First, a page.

That junk mail that comes into your inbox…you know, the thing you signed up to because you might just win a weekends shopping or dinner for two at Martin Bosley's…the one you forget to unsubscribe to? Well sometimes it’s worth reading; like KNOW
Let me backtrack a little… Design School 1978, Wellington Polytech (now
“Here, let me,” he’d say and I’d dutifully give him my seat and he would proceed, in three or four deft strokes, to capture the model perfectly.
“There, now try it like that,” and with ash finally falling (mostly onto your work), off he’d move to the next student. I’d come away profoundly depressed, screwing up my feeble attempts and binning them, so no-one would ever see my failures. Had I been forward thinking, I’d have kept Ron’s work scrawled so cleverly over mine. He was truly gifted.
There followed another year at ‘tech, another tutor similarly despairing of my work (sorry Roger) and I really thought by the end of two years that I should give up drawing altogether. But my photography and film making skills were equally lacking, and I couldn’t get the hang of typography (you mean there’s more to it than Helvetica?) so up life drawing popped into my timetable for a third year. I was bored with it, bored with the naked models in boring poses and uninspired lighting. No sound save the scratching of pencils and the occasional cough. Ground hog day for art.
“I don’t want to see you drawing with anything thinner than a lipstick and white paper is banned,” she ordered.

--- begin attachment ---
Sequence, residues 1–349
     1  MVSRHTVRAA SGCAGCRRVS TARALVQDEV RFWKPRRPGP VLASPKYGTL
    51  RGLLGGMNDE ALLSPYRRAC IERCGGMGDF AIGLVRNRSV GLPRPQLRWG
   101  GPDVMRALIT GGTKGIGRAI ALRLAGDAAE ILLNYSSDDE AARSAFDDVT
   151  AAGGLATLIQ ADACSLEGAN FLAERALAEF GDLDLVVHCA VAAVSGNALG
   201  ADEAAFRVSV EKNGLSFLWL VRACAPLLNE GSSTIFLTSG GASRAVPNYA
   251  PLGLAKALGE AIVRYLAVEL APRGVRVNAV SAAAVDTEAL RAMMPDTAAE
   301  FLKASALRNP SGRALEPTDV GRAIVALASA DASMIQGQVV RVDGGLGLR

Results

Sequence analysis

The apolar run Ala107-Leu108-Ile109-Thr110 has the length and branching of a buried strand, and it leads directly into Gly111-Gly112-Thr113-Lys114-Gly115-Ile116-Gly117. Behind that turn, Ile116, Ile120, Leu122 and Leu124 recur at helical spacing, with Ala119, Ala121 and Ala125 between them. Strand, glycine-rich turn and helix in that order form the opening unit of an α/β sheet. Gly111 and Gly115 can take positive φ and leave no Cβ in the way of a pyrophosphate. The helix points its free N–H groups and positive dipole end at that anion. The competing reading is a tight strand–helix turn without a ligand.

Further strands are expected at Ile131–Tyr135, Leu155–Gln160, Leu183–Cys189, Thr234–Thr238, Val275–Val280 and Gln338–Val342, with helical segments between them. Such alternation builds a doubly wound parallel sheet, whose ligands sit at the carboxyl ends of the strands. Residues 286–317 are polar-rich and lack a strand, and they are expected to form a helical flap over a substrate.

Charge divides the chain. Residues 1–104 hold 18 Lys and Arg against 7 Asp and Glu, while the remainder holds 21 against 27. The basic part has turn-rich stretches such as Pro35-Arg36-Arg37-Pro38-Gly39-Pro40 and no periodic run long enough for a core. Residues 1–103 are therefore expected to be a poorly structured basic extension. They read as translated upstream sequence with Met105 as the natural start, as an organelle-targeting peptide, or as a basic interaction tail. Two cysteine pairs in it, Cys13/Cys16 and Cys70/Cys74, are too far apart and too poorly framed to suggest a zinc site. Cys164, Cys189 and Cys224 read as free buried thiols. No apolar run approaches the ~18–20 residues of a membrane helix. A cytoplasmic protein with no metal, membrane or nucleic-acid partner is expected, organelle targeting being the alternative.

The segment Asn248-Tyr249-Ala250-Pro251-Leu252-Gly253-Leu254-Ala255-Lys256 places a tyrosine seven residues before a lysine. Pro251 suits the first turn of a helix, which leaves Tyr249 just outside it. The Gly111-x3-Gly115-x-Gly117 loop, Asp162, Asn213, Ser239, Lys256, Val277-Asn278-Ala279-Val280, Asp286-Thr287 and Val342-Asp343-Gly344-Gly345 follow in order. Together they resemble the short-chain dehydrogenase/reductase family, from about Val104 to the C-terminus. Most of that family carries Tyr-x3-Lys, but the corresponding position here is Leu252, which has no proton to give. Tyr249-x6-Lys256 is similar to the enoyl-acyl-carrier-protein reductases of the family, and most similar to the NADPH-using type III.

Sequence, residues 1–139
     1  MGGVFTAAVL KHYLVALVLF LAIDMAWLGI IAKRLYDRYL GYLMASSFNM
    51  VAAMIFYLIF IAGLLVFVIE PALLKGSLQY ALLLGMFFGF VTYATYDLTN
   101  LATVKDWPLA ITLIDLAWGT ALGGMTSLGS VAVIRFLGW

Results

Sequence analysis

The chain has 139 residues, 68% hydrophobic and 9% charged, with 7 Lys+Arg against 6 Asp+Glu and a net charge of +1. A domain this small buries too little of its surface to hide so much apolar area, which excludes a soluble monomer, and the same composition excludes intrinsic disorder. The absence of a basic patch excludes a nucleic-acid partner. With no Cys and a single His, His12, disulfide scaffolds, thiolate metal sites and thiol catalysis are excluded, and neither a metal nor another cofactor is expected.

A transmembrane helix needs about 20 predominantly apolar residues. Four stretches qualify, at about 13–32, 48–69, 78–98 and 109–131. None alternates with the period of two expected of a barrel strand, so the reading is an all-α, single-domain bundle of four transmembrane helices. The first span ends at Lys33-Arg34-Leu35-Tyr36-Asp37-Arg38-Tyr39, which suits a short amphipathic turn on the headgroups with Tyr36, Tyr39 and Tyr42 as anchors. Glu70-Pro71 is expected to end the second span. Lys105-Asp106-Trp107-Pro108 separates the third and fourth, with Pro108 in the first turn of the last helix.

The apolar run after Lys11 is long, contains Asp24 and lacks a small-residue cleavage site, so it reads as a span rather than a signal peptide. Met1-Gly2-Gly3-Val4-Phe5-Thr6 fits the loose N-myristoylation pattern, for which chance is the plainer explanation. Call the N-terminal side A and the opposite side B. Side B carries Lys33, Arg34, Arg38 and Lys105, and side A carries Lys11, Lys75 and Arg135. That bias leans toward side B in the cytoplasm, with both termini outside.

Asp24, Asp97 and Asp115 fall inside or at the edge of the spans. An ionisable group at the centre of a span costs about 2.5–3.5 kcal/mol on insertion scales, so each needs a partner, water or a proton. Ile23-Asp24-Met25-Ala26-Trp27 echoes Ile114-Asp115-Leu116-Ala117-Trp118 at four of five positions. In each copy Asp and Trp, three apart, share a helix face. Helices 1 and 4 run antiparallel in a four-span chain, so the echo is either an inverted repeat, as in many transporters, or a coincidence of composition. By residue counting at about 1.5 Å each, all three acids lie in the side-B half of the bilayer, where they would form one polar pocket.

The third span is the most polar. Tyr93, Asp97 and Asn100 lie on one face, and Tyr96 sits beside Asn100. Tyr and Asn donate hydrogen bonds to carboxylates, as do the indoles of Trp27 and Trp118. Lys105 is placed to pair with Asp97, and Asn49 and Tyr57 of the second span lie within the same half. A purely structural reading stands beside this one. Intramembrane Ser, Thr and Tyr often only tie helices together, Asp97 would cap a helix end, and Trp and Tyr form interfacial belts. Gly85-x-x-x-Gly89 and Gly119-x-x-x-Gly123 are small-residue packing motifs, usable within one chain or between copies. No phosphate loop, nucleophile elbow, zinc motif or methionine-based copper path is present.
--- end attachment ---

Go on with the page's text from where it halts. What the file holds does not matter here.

“Get off those donkeys (the wooden seats with easels attached that we sat at) and onto the floor. I want you to kneel, stand, lie down if you like, anything but sit at a desk.” We were shocked; deliciously.
“You will take turns to set up the model with props, music and lighting.” This woman was smokin’ - not smoking.
“And draw BIG.” And we did. Considering the class was held in the evening after a long day grappling with major projects and life drawing was not a subject that made any difference to an overall pass or fail, you might expect that tired students would skip class. But we didn’t; Dr Sue cured us of our apathy. I found the artist in me and produced the finest life drawings of my entire career in those sessions.
Over the years I have said, as we artists all do, “I must go to life drawing again,” remembering times we drew wonderfully and trying to recapture those days before digital media took over our lives. So I do and always, there are desks and a model who looks like she would rather be at the Kirks sale than stand naked before a bunch of mostly old farts. The lighting is harsh, and a church-like hush smothers the room. And I am a first year student again with the ghost of Ron hovering over me sighing with despair.
But not at Mighty Mighty, not with Dr Sketchy’s
‘Dr. Sketchy is a life/figure drawing session with a twist. The concept is simple... Artists draw glamorous burlesque dancers and performance artists, compete in contests, and win wonderful prizes. And can enjoy a drink too.’
So, having seen it advertised in my inbox, I rocked up to one of my favourite bars in
Then all too soon (could it really have been 3 hours?) it was over. We all looked at each others work, packed up our pastels, pens, paper and inks and headed away, with huge smiles back up Cuba St. Thankyou Dr Sketchy, you saved me, and I’ll see you again next month. Best $14 bucks I’ve spent in a long time.